Can you drink alcohol normally after having a drinking problem?
There are different models or theories that seek to explain how and why people struggle with problem drinking. The two I want to focus on in this blog are the disease model and the learning model.
The disease model tells us that problem drinking happens as a result of a disease that causes irreversible changes in the brain. According to the disease model, there is no cure, only management which consists of lifelong abstinence.
The learning model tells us that problem drinking is simply a learned behaviour or habit. Due to neuroplasticity, the learning model provides that a problem drinker can unlearn old habits and learn newer healthier habits that support drinking in a different, and less problematic way.
If you’re a problem drinker now, you’re probably wondering which model is correct so you can figure out if it’s possible for you to change your relationship with alcohol and drink in a way that isn’t problematic, or if abstinence really is the best option to save you months (possibly years) of trying and failing to moderate and then ending up quitting anyway.
Unfortunately, the answer isn’t clear cut. There are lots of very smart and highly qualified people with conflicting opinions on this subject, and I believe that there is truth to both models to a certain degree.
Below I share my opinion and what I believe to be true when it comes to your options:
The more severe your alcohol use disorder (AUD) and the longer you’ve been drinking this way, the more difficult it will be for you to successfully cut down and moderate. I’m not saying it’s impossible, but I am saying it’ll be harder for you than for someone with a milder AUD and or for someone who has been using alcohol problematically for a shorter time. As I said, this doesn’t mean it’s impossible for you, but you may have to work harder than the next person to positively change your relationship with alcohol.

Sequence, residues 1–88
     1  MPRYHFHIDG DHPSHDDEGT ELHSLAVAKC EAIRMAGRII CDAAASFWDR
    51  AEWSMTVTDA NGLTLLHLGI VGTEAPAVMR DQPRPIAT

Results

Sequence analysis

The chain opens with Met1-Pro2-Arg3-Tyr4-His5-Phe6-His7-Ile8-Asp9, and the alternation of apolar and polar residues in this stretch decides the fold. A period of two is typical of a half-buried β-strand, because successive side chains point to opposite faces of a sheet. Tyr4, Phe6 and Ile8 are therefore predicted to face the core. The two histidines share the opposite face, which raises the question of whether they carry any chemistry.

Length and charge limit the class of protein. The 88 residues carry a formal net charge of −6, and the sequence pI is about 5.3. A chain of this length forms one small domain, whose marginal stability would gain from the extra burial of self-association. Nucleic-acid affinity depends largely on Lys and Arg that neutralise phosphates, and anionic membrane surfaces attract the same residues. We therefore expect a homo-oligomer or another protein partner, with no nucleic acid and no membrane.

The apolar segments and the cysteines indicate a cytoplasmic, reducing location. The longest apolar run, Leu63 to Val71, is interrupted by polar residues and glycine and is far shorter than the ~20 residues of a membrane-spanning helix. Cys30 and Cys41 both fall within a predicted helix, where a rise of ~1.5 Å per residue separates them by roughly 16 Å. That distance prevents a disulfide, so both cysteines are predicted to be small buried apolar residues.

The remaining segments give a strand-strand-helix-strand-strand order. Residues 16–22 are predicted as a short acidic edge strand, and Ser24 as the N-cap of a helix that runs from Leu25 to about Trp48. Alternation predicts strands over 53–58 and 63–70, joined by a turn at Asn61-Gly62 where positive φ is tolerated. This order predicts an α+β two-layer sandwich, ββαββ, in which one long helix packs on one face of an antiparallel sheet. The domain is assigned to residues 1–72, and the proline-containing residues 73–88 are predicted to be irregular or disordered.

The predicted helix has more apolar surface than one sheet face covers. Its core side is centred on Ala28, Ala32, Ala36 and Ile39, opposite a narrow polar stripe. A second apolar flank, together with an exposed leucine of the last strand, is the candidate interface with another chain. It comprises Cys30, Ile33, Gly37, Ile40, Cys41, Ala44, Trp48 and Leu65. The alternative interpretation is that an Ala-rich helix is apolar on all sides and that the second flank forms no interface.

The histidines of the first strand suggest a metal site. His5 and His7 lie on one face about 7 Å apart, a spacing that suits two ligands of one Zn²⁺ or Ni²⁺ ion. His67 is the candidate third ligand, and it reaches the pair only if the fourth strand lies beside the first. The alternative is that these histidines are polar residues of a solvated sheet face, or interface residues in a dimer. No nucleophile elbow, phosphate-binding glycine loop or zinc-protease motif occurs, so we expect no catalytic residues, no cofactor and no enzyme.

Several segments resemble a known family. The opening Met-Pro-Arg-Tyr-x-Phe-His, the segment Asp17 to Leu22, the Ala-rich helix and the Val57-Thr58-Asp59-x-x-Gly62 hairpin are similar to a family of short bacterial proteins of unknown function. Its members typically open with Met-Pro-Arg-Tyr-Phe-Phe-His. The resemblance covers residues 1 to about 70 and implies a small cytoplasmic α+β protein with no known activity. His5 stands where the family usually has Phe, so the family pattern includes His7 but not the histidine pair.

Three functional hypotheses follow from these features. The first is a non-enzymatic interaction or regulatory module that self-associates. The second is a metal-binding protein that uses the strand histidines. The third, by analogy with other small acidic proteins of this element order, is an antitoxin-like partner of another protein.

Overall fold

For people with very severe AUDs (including, but not limited to, anyone with a physical dependence on alcohol), abstinence is widely accepted as the safest option, and I support that view.
For many people on the AUD spectrum (regardless of where they are on it – mild, moderate or severe) abstinence is easier than moderation. With abstinence they make one firm decision ‘I don’t drink’ which saves them the mental energy of having to make a lot of decisions around alcohol, and being hyper vigilant to ensure they don’t drink it in a problematic way.
Other factors that I believe play a role include: your level of motivation to change, your belief in your ability and capacity to change (self-efficacy), how effectively you address the root causes of your problem drinking, and your level of dedication and commitment to what can be a lengthy process of behaviour change.
If you’re unsure whether you can moderate and you don’t want to commit to abstinence, I believe it’s worth spending some time experimenting with different moderation techniques. Later in this blog I share our new course supporting women to do this which is a great option to support you on this path. If you find that you can moderate, great. But if you find that despite your best efforts, you can’t moderate, at least you’ve exhausted the option of moderation which makes committing to abstinence a lot easier. In this way, attempting moderation can be a helpful steppingstone to abstinence.